Tyler Barris is charged with involuntary manslaughter after his “swatting” prank left a Kansas father of two dead.
Barris, who is from Los Angeles, appeared in a Kansas courtroom Friday after being extradited from California. On Dec. 28, Barris allegedly called the cops in Kansas and gave them the address of a Wichita home, saying that he was a resident in the home who recently killed his family. He also indicated that there was an ongoing hostage situation. The address Barris gave police belonged to a man that he was arguing with online over a video game. However, the exact situation is somewhat unclear as sources with knowledge of the case have stated that neither Barris or the victim were involved in the game involved in the dispute.
EXTRADITION WAIVED: "Swatting" suspect Tyler Barris, 25, will be held without bail in California until he is transported to Kansas to face a felony allegation he made a hoax 911 call that led to the deadly police shooting of a Wichita man. https://t.co/LqCSvSBRNL pic.twitter.com/VcIvjXYTG1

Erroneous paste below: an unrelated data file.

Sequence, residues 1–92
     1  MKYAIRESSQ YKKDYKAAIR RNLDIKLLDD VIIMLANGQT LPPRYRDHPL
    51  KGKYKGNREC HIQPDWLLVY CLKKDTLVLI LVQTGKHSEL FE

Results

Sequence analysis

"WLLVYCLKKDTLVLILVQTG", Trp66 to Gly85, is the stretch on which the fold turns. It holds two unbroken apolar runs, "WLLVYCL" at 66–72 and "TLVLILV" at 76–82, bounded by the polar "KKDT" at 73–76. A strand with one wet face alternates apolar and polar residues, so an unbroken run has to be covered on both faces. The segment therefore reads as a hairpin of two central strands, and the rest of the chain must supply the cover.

— World News Tonight (@ABCWorldNews) January 3, 2018
When the victim, 28-year-old Andy Finch emerged from his house, he was shot by police. Barris’s “prank”– having the police arrive at a victim’s house — is called “swatting” and dates to the early 2000s, per CNN.
The family of Andy Finch, the man killed after a prank phone call to police, has launched a Go Fund Me to help pay for his funeral expenses.
— Annette Lawless KAKE 🌻 (@AnnetteLawless) December 30, 2017
The 25-year-old suspect said that he has no address and has not worked in six months, the Wichita Eagle reports. Prosecutors chose to pursue manslaughter charges because, in Kansas, murder can only be tried if the death is a result of felonies that were committed. Though Barris is charged with interference with law enforcement, that’s not defined as a “dangerous felony,” according to the Los Angeles Times.
Sedgwick County District Attorney Marc Bennett told the Times that, if convicted on the involuntary manslaughter charge, Barris could face over 11 years in prison.
Investigators are also reviewing the actions of the police officer who shot Finch. The officer was in a driveway across the street from Finch’s house when he fired the fatal shot and has since been placed on leave. He is identified only as a seven-year veteran of the force.
Barris also has a history of similar behavior, he’s pleaded no contest to a bomb threat charge, and police in Glendale, California, told the Times that they believe he’s been involved in at least two dozen “swatting” incidents.